juniper, which is the principal flavoring of gin, is very fragrant, with a pine scent.
Flavors of red plums, juniper, and star anise make it the perfect holiday party red to go with cheeses or chocolate truffles.
Might this be the endgame of the series, to see the Henricksons restored as the rightful custodians of juniper Creek?
Hoffman at juniper has some advice on how to protect yourself.
This is why the leaves of the spruce, the pine, and the juniper are always green.
They were together in the shadow of a juniper where no man could have seen them.
He had walked through a deep forest, and crept through whortleberries and juniper to the top of a steep rock.
They were thickly wooded, for the most part with juniper and pine.
Changed as was juniper, the Magus was yet more whimsically metamorphosed.
There's still enough left over to plant a juniper on my grave.
"evergreen shrub," late 14c., from Latin iuniperus (source of French genièvre, Spanish enebro, Portuguese zimbro, Italian ginepro), of uncertain origin, perhaps related to iunco "reed." Watkins has it from PIE *yoini-paros "bearing juniper berries," from *yoi-ni- "juniper berry." Applied to various North American species from 1748. In the Bible, it renders Hebrew rethem, the name of a white-flowered shrub unrelated to the European evergreen.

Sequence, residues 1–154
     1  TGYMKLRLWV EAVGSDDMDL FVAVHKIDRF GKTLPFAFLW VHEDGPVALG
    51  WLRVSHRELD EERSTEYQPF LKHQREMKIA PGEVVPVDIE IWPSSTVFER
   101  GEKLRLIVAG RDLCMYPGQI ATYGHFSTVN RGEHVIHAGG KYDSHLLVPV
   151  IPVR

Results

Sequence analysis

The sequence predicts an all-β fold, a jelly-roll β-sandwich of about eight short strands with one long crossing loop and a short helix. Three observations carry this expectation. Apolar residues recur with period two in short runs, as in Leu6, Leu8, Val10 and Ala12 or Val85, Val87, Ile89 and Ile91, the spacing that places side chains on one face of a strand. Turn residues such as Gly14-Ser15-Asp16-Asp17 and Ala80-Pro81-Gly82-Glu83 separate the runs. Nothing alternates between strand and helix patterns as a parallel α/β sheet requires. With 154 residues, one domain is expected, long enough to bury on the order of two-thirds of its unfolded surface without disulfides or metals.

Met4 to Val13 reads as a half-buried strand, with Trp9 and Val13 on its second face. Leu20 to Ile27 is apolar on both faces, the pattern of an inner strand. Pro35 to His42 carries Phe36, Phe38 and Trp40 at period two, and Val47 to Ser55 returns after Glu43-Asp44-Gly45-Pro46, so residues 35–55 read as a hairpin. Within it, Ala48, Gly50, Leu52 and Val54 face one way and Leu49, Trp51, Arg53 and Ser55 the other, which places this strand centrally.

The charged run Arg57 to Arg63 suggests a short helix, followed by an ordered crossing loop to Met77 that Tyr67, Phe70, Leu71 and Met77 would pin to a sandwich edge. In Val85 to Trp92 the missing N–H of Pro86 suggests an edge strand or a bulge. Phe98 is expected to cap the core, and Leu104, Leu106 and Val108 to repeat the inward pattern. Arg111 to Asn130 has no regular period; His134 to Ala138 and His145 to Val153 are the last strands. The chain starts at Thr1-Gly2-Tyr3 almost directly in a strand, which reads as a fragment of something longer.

(Heb. rothem), called by the Arabs retem, and known as Spanish broom; ranked under the genus genista. It is a desert shrub, and abounds in many parts of Palestine. In the account of his journey from Akabah to Jerusalem, Dr. Robinson says: "This is the largest and most conspicuous shrub of these deserts, growing thickly in the water-courses and valleys. Our Arabs always selected the place of encampment, if possible, in a spot where it grew, in order to be sheltered by it at night from the wind; and during the day, when they often went on in advance of the camels, we found them not unfrequently sitting or sleeping under a bush of retem to shelter them from the sun. It was in this very desert, a day's journey from Beersheba, that the prophet Elijah lay down and slept beneath the same shrub" (1 Kings 19:4, 5). It afforded material for fuel, and also in cases of extremity for human food (Ps. 120:4; Job 30:4). One of the encampments in the wilderness of Paran is called Rithmah, i.e., "place of broom" (Num. 33:18). "The Bedawin of Sinai still burn this very plant into a charcoal which throws out the most intense heat."